Race for Rams expands, but Baltimore leads pack

June 18, 1994|By Jon Morgan | Jon Morgan,Sun Staff Writer

As other cities join the race for the Los Angeles Rams, Baltimore finds itself in the enviable position of leading the pack.

Officials in St. Louis, led by House Majority Leader Richard Gephardt, D-Mo., announced last week that they will visit Los Angeles on June 27, and one potential investor already has visited. Representatives of Hartford, Conn., Memphis, Tenn., and San Antonio also have been in communication with the team.

But for now, Baltimore appears to be engaged in the most serious negotiations.

Prospective team owner Peter G. Angelos, the majority partner of the Orioles, has visited Los Angeles twice, most recently last ,, Friday.

"We are encouraged by the discussions and we intend to continue them," Angelos said.

He said he considers St. Louis his most significant competition, and predicts he will know one way or the other in the next six to eight weeks.

Meanwhile, Angelos also recently has renewed communication with the Tampa Bay Buccaneers, according to two sources who spoke on condition of anonymity. Team owner Hugh Culverhouse is ill with cancer and his heirs are expected to sell the team upon his death.

Rams owner Georgia Frontiere has said she is interested in selling a minority share in the Rams and moving the team to a city willing to provide a better deal than it now gets from Anaheim, Calif.

Team officials have said privately they are very impressed with Baltimore's offer of a publicly funded stadium and with Angelos as a potential partner, according to several sources.

Publicly, the team is more circumspect. After last Friday's meeting with Angelos, Rams executive vice president John Shaw told the Los Angeles Times: "They were negotiations, yes, to explore a move to Baltimore. But it's a very difficult transaction and there are still a number of issues on the table.

"It's all exploratory and I don't anticipate a decision soon."

Another group of Baltimore investors, led by attorney Robert Schulman, also has had conversations with Shaw.

Shaw said the team has met with potential investors from St. Louis, and expects to meet with some from Hartford. Representatives of some Southern California communities also have expressed interest, but none is offering a publicly funded stadium, he said.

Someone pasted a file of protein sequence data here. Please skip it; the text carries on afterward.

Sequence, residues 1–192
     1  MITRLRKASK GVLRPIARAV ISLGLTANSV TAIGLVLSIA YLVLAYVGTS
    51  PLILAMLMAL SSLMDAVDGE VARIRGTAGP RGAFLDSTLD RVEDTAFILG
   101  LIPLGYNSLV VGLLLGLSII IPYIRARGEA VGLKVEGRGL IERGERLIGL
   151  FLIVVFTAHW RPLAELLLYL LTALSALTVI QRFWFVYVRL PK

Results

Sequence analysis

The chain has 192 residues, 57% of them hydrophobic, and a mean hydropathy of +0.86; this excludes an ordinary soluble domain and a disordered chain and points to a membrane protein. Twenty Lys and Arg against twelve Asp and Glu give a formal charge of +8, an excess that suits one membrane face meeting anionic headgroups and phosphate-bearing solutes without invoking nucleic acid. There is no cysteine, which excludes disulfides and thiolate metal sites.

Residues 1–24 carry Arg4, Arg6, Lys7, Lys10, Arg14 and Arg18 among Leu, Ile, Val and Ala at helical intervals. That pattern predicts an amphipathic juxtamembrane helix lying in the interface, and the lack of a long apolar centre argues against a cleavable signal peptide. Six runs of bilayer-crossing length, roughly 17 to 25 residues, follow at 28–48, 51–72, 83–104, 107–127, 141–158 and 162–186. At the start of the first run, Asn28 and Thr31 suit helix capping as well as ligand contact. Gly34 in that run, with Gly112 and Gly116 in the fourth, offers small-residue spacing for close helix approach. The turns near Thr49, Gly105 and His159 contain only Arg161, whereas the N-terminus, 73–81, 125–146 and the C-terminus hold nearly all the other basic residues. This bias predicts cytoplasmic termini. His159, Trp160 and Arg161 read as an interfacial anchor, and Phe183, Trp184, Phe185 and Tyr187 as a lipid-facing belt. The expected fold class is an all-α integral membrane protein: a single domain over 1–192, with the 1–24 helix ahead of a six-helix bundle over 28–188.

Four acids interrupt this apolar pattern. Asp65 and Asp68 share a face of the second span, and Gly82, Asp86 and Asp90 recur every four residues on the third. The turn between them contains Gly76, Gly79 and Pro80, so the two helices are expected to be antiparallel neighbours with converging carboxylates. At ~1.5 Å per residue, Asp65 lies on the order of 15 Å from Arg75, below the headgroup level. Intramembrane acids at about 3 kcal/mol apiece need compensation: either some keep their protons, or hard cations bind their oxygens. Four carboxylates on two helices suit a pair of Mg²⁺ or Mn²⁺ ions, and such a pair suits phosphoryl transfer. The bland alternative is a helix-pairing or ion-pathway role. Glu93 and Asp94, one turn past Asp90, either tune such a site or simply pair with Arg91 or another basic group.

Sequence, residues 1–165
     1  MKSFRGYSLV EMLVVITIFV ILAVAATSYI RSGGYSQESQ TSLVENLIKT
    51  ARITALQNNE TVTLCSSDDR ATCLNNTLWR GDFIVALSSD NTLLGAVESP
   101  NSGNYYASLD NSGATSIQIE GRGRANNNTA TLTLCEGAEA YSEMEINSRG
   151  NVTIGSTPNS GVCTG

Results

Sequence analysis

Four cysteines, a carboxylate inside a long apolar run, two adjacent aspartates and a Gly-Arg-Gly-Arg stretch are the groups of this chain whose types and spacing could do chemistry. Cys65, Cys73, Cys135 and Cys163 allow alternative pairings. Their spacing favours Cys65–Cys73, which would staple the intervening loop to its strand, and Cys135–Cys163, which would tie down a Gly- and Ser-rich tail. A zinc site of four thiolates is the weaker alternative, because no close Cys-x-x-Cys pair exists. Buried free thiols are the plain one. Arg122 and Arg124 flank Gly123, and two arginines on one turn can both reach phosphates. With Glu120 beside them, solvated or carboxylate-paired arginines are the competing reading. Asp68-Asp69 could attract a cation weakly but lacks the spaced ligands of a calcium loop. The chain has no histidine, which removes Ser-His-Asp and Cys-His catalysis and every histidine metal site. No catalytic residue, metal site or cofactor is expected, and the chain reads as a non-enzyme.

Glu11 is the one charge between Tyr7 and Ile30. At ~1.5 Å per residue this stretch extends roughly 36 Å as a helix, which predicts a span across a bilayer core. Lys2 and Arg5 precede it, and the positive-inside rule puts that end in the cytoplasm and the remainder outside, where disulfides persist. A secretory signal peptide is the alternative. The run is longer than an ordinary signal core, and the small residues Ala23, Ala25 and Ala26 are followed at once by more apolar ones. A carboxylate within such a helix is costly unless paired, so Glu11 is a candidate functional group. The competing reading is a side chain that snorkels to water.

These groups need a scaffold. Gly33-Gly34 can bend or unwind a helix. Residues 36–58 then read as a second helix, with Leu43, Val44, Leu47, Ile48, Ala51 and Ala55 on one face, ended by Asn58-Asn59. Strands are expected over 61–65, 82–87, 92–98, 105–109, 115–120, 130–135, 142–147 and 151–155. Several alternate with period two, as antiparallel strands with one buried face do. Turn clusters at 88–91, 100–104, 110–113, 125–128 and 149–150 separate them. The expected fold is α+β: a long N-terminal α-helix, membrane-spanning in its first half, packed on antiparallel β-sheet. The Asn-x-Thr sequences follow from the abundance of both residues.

"I don't know how competitive they can be because they are talking about private funds and the cities we have been talking to have public funds to construct a stadium," Shaw said.

Baltimore's $165 million, open-air stadium would be constructed adjacent to Camden Yards and financed by lottery-backed bonds.

Hartford's legislature has approved bonds to finance a stadium there, and St. Louis already is constructing an expansion of its convention center that will double as a domed stadium.

St. Louis has taken steps to clarify questions about who holds the rights to play football games at the stadium. Disputes over the issue helped sink the city's effort to obtain an expansion team last year.

Hartford's bid would involve investors from last year's failed effort to purchase and move the New England Patriots, including representatives of some Native American tribes in Connecticut who control vast casino revenues.

The effort is led by Gov. Lowell Weicker Jr., who has spoken with Shaw by telephone, but has no visit planned, according to

Douglas Quat, a Weicker spokesman.

San Antonio is offering use of the recently opened Alamodome. But the lease with its current sports tenant, the NBA Spurs, gives that team all revenue from skyboxes. Ex-Spurs owner Red McCombs is involved in the NFL effort and is expected to seek a share of skybox revenues.

Angelos declined to discuss his offer to the Rams, but it is believed to include a significant payment -- estimates range up to $100 million -- for slightly less than half the team's stock and an agreement that the controlling share eventually be offered for sale to his ownership group, which includes Baltimore-born novelist Tom Clancy.

But Redskins owner Jack Kent Cooke, who is planning to build a stadium in Laurel, is expected to mount a fierce challenge to any team 15 miles north in Baltimore.

el,.4l The league constitution does not provide any team exclusive territorial rights, but owners may oppose a franchise on the grounds it encroaches on another's prospective fan base.

League bylaws require approval from other owners before a team can move, although the legality of that control is in dispute. The fact that the league voted to include Baltimore among the expansion finalists may make it difficult for the league to legally claim the city is unsuitable for a franchise.

"Obviously [Cooke] has very strong feelings," said one NFL team owner, speaking on condition of anonymity. He said the views of Cooke, who rarely attends owners meetings and is not generally active in league politics, would not necessarily sway a majority of votes from the other teams, however.

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